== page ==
This was our last day at Broome. After this we would be starting to head south.
Things started out with Mick having to do some running repairs to the van, as the ensuite door was sticking. It turns out the door runner had never been correctly fitted, so needed to have quite a bit of fiddling to access it. Just as well he is “handy”.
Our plan for our last day was to go and check out the lighthouse. You have to do that, and this was the first we have come across. It turned out that we had a bit of dirt road to traverse to get to it and it had a really steep camber. It is a bit out of town at Gantheaume Point.
It isn’t the most romantic looking lighthouse, but it is still a lighthouse. There has been a lighthouse on this site since 1905, but the current tower was only built in 1984.
Halfway up we noticed there is very large nest.
It is the nest of an osprey.
What we loved were the craggy rocks on the point. I suppose it is to reason that there are rocks where a lighthouse is located.
This cheeky little Willy wagtail kept hopping around. We have seen lots of them on our travels, along with pee wees and top knot pigeons, but no magpies for ages.
There was a group of kayaks rounding the point, which was nice and colourful.
The Point is also famous due to being the home of some dinosaur foot prints. We had a look at them and wondered if they had concrete back in their time? It turns out that they are only visible at very low tide and they don’t really want people climbing down there, so they put these castings where they are more accessible.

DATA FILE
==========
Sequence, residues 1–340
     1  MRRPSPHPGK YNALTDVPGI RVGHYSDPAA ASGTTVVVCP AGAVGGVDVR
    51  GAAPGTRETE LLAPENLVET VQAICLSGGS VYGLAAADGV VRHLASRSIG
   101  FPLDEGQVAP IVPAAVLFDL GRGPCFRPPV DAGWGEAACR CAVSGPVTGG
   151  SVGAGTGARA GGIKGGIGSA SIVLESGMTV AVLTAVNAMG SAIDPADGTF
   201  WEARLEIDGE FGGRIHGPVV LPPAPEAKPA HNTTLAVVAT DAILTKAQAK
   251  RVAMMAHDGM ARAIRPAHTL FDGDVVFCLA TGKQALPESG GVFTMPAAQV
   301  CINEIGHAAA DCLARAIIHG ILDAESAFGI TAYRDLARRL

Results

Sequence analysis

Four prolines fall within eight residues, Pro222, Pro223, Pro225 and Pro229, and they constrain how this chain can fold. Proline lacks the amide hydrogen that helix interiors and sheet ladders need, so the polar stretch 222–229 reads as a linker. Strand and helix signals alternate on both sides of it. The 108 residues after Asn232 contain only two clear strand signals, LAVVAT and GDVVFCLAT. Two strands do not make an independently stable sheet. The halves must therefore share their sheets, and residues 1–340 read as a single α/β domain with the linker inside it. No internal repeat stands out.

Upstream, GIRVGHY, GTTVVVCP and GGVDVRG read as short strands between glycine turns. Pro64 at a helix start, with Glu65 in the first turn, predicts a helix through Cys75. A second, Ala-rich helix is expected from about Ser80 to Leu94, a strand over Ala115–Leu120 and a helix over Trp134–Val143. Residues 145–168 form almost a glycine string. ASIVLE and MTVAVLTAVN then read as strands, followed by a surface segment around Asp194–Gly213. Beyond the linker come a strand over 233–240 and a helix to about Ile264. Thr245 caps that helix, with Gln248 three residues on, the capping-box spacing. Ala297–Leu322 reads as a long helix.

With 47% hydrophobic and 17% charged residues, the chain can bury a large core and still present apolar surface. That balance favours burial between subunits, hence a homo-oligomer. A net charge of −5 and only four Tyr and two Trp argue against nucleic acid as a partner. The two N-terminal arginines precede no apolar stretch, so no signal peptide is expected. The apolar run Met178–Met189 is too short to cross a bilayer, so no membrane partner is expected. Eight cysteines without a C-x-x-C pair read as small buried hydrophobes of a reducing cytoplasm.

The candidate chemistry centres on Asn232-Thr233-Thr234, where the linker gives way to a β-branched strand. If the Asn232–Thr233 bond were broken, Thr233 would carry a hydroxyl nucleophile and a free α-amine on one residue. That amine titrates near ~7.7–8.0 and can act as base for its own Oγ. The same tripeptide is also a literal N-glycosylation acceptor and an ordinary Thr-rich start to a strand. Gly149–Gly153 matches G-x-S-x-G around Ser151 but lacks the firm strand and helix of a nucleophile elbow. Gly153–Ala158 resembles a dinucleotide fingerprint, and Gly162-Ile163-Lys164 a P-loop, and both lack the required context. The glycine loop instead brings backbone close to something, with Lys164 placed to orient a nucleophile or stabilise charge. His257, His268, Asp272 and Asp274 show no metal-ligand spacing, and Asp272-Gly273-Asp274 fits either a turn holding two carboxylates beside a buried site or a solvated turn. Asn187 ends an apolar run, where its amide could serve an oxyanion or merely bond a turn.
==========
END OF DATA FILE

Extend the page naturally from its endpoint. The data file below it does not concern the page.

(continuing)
As we were driving back we saw a couple of rainbow bee-eater birds. They are so very colourful and have that one very long tail feather. I was rather excited to see them, as they aren’t something we have ever seen before.
We then went for a drive to find the Port. This is the main deep port for the north of the state. They were in the process of loading a ship with cattle.
I then had a look through the museum. One of the exhibits was a Sail Maker’s shed. This was the shed of Charlie Bagge, who set up his business in 1907. He continued in this role until 1917 when bad eye sight forced him to give it up.
They had a nice little display of the tools of the trade.
It was interesting how they explained that a sail maker not only made sails, but the bags for the pearl shell to be exported in, swags, tarps for covering all sorts of goods, hammocks for the luggers and canvas shades for verandahs on buildings.
Then it was just on to do the groceries before heading back to the van for a late lunch.
In the late afternoon, we wandered down to Cable Beach for one last sunset. There weren’t as many people on the camels, so the season must really be slowing down now.
So, what was our opinion of Broome? As with most places, we had received varying opinions, but had to make our own. We loved it. Broome was like a holiday from our travels. Mick liked the fact that it wasn’t glitzy. There is no high rise or theme parks. Yes, there are lots of resorts and the caravan park is really large, but nothing felt too busy. Everything is very laid back. I think things may have been quite a bit busier just a couple of weeks earlier. There’s a lot to be said for travelling at the end of the season, as we have just missed the busiest times and have been able to get accommodation and tours at short notice. We could quite easily have spent more time there, but we have to get on our way, as there is still a long way to go until we get home.
The highlight of the day was the rock formations that were unexpected.